Veteran nurse Ginny Allen, who has specialised in palliative and end-of-life care for more than 20 years, underwent gruelling treatment after being diagnosed with breast cancer at the beginning of the Covid pandemic.

She was then referred to South Bucks Hospice in Christmas 2020 after suffering from lymphoedema, a side effect of the cancer surgery.

And Ginny, 56, was so thankful that she successfully applied earlier this year for the job of Head of Clinical Services at the hospice near her home in High Wycombe.

At the time, she was Social Care Programme Lead at the Gold Standards Framework organisation - a post that had entailed her travelling all around the country teaching and assessing hospitals, care homes, domiciliary care, prisons and retirement villages about end-of-life care.

“I wasn’t unhappy in my other job, which I loved and was proud of, but I wanted to give something back to South Bucks Hospice,” she said. “I love walking into this building at Butterfly House where there’s always a laugh and a smile.”

Ginny, who joined the hospice on April 24, 2023, believes she is now a better nurse as a result of her illness.

She explained: “I now have a better understanding of what chemotherapy involves and how it feels. You lose your hair and your eyebrows. I thought I knew what fatigue was before – but having experienced this, it was another world.”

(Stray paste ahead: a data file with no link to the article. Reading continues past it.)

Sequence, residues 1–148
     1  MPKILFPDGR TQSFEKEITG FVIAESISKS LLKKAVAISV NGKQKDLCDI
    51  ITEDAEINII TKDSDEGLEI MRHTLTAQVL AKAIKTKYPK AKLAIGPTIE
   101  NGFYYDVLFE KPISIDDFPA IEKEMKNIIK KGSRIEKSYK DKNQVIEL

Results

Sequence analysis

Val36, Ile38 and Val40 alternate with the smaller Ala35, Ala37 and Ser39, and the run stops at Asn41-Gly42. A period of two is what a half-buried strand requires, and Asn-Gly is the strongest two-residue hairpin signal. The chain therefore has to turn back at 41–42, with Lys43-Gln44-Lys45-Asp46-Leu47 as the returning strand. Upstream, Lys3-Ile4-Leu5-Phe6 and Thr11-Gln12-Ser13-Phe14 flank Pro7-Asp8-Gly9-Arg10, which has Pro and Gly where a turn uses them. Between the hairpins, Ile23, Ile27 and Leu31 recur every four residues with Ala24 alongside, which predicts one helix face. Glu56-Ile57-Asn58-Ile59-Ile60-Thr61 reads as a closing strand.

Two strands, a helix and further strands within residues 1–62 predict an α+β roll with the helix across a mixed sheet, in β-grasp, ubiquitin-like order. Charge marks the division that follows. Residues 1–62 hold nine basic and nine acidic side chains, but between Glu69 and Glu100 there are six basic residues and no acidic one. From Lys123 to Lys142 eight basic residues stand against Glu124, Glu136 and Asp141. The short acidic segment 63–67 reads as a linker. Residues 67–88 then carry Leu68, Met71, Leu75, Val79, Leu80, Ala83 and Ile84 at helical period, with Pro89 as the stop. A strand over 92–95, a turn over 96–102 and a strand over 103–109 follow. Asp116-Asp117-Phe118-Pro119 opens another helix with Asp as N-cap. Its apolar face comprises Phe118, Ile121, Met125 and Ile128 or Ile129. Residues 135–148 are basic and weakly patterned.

Her breast cancer diagnosis was first made in Christmas 2019 – and Ginny speaks candidly about the fear she felt, despite her years of experience in nursing and end-of-life care.

She recalled: “I was very shocked. Nobody in my family, both sides, had ever had cancer, so it was out of the blue.

“I then had surgery in January 2020. At the end of February 2020, I started chemotherapy. I had my first chemo and sat and bawled my eyes out. For somebody who works in the end-of-life care business, I thought I knew everything but I was absolutely terrified.”

The pandemic made things even harder. But husband Mark was allowed by his company to work from home to protect her for the duration of her treatment – driving her to hospital for about 18 weeks for chemotherapy, which was followed by three weeks of radiotherapy.

“I don’t know if I am ever going to be all clear – I have no disease at the moment, but it’s something that lives with me all the time,” she said.

Ginny had known about the hospice previously, but was overwhelmed with gratitude at the way it supported her and still does.

“At South Bucks Hospice, we have the most amazing team. They look out for each other and take care of each other, and they believe the patient is the most important person who comes into this building,” she said.

Ginny, who has to go for cancer checks every Christmas, added: “I am out the other side, I am living with lymphoedema which is a chronic condition which can cause some discomfort. I am alive and I am here, and I am enjoying this next challenge in my life.”